Iraqis have sworn not to return missing artifacts until Americans leave, investigator says.

Thousands of antiquities missing from the Iraq National Museum have been found but not returned because citizens won't hand them over to either their American occupiers or remnants of the hated former government, U.S. investigators say.

The investigators are trying to recover an unknown number of artifacts looted from the museum after the fall of Saddam Hussein's Baghdad.

Members of the museum staff have "sworn on the Quran not to reveal the ... secret place" where they hid treasures for safeguarding before the war, chief investigator Col. Matthew Bogdanos said Friday.

He said that while the loss of "a single piece of mankind's shared history is a tragedy," it's now clear some early estimates of 170,000 pieces looted was a great exaggeration.

His three-week-old investigation so far has recovered 951 stolen items. Some were brought in under a no-questions-asked amnesty program and others were found in raids, he told Pentagon reporters in a videoconference from Baghdad.

Well over 47,000 other items have been located but remain under control of Iraqis who won't relinquish them -- including the staff of the Baghdad museum who have been working with Bogdanos' investigators.

"The investigation ... uncovered the existence of a secret storage location that has been used by the staff since 1990," Bogdanos said.

"They won't divulge the place until the United States leaves and there is a new government," he said. They have promised investigators an inventory of the items stored there.

Elsewhere, a "neighborhood watch" is guarding over 300 boxes containing thousands of precious manuscripts and books the staff moved into a bunker before the war, Bogdanos said. American forces agreed to that arrangement after community leaders said they didn't want to return them to a museum staff they associated with Saddam's fallen government.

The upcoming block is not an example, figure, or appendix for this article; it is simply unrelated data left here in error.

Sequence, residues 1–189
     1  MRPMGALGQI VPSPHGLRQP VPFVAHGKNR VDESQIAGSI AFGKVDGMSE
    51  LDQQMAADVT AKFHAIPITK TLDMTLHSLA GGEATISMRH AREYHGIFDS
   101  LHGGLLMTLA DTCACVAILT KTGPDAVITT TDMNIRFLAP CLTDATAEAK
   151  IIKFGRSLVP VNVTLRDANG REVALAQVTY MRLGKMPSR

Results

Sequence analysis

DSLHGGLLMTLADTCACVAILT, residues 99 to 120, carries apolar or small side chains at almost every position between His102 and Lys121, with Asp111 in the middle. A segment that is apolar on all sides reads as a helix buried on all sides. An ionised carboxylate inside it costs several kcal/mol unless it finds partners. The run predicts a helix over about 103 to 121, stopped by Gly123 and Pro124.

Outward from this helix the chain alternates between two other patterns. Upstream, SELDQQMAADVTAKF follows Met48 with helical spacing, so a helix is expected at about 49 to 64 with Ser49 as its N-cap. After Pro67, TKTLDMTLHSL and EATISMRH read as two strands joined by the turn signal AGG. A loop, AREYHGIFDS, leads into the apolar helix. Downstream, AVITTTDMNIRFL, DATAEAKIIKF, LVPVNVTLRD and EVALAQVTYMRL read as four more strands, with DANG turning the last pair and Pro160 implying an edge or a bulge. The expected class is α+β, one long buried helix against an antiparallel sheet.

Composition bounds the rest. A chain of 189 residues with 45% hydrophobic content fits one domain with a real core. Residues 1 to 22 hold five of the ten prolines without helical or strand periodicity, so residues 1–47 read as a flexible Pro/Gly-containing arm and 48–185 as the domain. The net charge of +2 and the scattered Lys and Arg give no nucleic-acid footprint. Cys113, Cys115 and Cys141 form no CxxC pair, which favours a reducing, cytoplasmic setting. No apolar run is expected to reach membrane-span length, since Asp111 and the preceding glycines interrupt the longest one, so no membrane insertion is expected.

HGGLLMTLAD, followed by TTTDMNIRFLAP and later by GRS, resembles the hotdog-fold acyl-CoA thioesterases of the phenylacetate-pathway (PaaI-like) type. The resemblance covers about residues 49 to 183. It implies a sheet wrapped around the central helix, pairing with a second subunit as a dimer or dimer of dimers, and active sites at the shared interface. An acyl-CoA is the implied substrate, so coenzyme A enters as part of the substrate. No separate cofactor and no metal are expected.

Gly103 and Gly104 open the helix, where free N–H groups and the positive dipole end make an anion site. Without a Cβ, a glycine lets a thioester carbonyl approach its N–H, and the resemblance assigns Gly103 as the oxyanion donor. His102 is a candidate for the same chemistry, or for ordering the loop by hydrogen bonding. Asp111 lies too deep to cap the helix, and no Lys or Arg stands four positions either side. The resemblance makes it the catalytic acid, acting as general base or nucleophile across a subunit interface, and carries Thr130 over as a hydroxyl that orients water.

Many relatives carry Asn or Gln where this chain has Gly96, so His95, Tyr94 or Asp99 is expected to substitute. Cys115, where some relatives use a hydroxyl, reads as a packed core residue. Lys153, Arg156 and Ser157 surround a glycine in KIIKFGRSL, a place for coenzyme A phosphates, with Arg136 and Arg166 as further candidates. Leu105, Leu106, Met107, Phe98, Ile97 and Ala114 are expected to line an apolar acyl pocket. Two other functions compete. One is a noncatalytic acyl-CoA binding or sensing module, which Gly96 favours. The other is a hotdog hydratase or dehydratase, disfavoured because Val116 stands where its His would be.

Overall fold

Iraq's prized collection held millennia-old artworks from the Assyrian, Sumerian and Babylonian cultures. Ancient Mesopotamia -- modern-day Iraq -- was the cradle of urban civilization. Some experts fear thousands of pieces of art, including priceless antiquities, may be missing.

"We know what's missing from certain rooms, but when you get to storage rooms that contain upward of 100,000 different pieces, each of which has to be individually counted and catalogued and compared against an original excavation site number, that's going to take time," Bogdanos said. Some of the excavated items are small shards of pottery.

The 951 pieces recovered include one of the oldest known bronze relief bowls, a pottery jar from the 6th millennium B.C., one of the earliest known Sumerian statues and an Assyrian statue from the 9th century B.C.

Perhaps the most valuable item missing is a white limestone votive bowl from Sumerian times, commonly called the Sacred Vase of Warka, Bogdanos said.

Some of the stolen items have already started appearing on the international art market and at least one suspected piece was seized at an American airport, FBI officials have said.

Bogandos' team of investigators from the military and the Immigration and Customs Enforcement agency also reported that:

* Over the past 13 years, museum staff removed 15 to 20 boxes of gold and jewelry -- more than 7,000 pieces including the famed treasure of Nimrod -- and put them in two underground central bank vaults. The staff has given partial inventories, but the vaults remain sealed and the Americans don't have authority to open them.

* Months before the war, the staff moved ancient books, manuscripts and scrolls to a western Baghdad bomb shelter. The roughly 40,000 pieces are now under lock and guard in the neighborhood watch effort.

* Weeks before the war, the staff moved many smaller pieces from the public galleries to the restoration room, storage rooms or the secret location, then left the museum on April 8. They emptied more than 400 display cases of such items as gold, pottery beads, amulets, pendants, and ivory statuettes said to be in the secret place.

That meant of some 450 cases, only 28 were broken into.

* Larger statues and friezes were left on the gallery floor, either covered with foam padding or laid on their sides. Of those, 42 pieces or exhibits were stolen, perhaps most notably the Sacred Vase of Warka.

Of these 42 pieces or exhibits, nine have been recovered in the first 25 days of the investigation.

"The majority of the work remaining, that of tracking down each of these missing pieces, will likely take years," Bogdanos said.

"The United States government, the United States Central Command and this team are committed to restoring these priceless treasures of our history to their rightful place."

[Source: Pauline Jelinek, Associated Press Writer, Washington, 16May03]

War in Iraq and Glabal State of exception

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